I made a quick trip to Goodwill and purchased a few ties in which to test this silly Easter project. They cost me $0.99 a piece and the selection was pretty good. The cashier and lady in line behind me bonded in fits of laughter as I explained what I was not going to be wearing these ties, rather using them to color Easter eggs. It was a good time...LOL
After a little experimentation I was shocked to have had successfully dyed Easter eggs with silk neck ties. I'm so glad that I decided to try this one out and highly recommend it to anyone who's looking for a fun, new way to color Easter eggs this year.
Glass or enamel cook pan (see note below)
- Note: The original instructions I found for this project stated that only a glass or enamel pan would work for this dying process to occur. I assumed it had something to do with the materials of the pan and the chemical exchange between the fabric and vinegar. I'm always curious about the limitations so I did a second batch using my plain old saucepan. The results were the same.
Plain white fabric (I used and old t-shirt)
String or twist ties (I had the best luck with jute string)
- Prepare your tie for dying by cutting it open and apart. Simply start on the backside of the tie and do some cutting and deconstructing. It isn't terribly difficult to do. Remove all lining and tags from the main fabric.
- Once you've prepared your fabric, cut a piece large enough to completely cover your egg, gathering it at the top or the bottom.
- Wrap an uncooked egg with the printed side of the silk fabric facing the egg. I found that jute string was the easiest type of string to use. It often held itself in the tied position with just one pass through and didn't need to be knotted.
- Cut a similar sized piece (enough to wrap the egg) from your white fabric.
- Wrap the silk covered egg with your plain white fabric and secure it with another piece of jute string.
- The purpose of the white fabric is to cinch your silk as close as possible to the egg, reducing the amount of possible untouched spots on the egg. Any of those spots that do not have silk touching them will result in no print. You can use almost any kind of white fabric BUT I suggest using an old white t-shirt. This fabric was perfect for cinching because of it's ability to be tugged and stretched tightly. I was even able to tug and manipulate the fabric further after having tied the jute string. I highly recommend the t-shirt!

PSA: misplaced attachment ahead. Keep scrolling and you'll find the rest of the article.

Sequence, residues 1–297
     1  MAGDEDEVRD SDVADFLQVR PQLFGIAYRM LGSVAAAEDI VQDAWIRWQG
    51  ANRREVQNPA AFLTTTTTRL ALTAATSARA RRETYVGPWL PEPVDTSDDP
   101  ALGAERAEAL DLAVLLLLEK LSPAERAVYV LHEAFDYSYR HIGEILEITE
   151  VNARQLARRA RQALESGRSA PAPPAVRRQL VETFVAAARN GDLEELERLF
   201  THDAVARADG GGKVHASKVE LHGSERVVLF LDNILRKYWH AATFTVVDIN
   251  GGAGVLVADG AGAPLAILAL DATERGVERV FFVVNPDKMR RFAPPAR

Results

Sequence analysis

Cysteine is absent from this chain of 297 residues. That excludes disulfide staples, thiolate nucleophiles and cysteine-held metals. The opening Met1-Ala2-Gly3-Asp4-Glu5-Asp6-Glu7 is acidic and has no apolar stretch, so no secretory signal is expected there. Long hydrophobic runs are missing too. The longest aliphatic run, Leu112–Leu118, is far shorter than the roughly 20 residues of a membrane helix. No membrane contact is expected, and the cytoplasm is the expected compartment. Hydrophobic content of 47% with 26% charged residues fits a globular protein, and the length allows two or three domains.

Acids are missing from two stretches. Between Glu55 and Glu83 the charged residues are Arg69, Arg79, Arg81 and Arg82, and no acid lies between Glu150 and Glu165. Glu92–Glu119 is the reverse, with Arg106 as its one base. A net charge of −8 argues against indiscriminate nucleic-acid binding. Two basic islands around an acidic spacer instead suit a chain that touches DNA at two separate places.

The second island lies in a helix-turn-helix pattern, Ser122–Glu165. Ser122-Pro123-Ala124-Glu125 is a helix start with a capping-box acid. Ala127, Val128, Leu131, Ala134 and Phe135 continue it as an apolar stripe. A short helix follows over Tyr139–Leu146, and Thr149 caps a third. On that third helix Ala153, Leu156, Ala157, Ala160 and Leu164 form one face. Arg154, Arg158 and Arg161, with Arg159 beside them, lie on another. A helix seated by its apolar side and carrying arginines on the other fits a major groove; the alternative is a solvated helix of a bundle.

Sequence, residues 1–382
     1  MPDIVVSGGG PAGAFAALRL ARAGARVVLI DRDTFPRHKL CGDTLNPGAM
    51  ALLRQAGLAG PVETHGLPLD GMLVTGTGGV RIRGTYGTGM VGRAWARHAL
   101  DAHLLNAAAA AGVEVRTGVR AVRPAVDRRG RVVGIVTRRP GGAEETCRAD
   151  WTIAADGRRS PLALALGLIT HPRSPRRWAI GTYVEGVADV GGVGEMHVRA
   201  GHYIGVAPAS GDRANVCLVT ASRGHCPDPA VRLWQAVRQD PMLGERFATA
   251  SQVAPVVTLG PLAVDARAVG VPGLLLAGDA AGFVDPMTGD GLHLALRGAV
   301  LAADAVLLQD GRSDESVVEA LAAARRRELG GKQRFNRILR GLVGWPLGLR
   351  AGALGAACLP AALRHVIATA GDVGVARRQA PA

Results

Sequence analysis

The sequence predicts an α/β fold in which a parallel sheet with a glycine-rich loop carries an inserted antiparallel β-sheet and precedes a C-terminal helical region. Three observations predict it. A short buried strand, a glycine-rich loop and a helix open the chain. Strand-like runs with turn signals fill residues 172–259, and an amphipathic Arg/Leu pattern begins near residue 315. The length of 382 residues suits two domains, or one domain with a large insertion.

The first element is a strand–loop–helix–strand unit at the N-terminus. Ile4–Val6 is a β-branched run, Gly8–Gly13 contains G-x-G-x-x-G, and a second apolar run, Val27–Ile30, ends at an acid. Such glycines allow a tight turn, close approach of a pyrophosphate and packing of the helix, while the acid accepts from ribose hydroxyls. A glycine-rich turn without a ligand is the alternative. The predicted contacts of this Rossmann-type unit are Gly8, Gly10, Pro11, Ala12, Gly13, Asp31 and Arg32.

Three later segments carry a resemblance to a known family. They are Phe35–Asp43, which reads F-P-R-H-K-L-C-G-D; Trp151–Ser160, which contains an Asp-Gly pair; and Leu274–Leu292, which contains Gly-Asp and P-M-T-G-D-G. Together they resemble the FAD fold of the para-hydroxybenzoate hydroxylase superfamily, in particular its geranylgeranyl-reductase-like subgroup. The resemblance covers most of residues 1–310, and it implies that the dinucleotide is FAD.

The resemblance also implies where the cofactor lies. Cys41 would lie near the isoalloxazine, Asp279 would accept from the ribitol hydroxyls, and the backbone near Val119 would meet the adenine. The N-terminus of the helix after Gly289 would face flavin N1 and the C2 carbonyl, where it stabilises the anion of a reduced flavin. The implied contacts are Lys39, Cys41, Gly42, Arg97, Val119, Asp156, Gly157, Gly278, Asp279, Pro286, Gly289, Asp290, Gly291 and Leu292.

- Place wrapped eggs into a pan and fill pan with enough water to completely cover eggs.
- Add four tablespoons of vinegar to the water.
- Bring water to a boil and then reduce heat. Allow water to simmer for 20 minutes.
- Please note you may need to cook the eggs longer if you plan on eating them. I do not eat eggs (yuck) and am uncertain as to how much time is required if they will be eatten.
- Remove your eggs from water and allow to cool.
- Gently untie and remove both fabrics from your eggs.
I had read that you can rub your eggs with vegetable oil to make them shiny. I was originally planning to do that but then decided to give it a try and really liked how much better it made the eggs look. Of course I'm an impatient guy so rather than drag out the bottle of oil and mess with it I grabbed my can of pan spray, gave each egg a shot of spray and then gently rubbed it around the entire egg with a piece of paper towel. LOL